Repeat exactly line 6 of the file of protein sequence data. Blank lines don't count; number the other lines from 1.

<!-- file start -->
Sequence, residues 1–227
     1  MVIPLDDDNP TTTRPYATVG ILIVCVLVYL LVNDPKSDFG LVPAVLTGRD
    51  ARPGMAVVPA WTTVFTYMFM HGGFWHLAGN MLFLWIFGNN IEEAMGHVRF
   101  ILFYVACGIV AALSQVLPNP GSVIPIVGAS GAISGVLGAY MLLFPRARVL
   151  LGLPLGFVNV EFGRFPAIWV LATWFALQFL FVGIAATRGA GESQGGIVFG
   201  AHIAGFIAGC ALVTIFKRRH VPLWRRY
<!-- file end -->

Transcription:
   201  AHIAGFIAGC ALVTIFKRRH VPLWRRY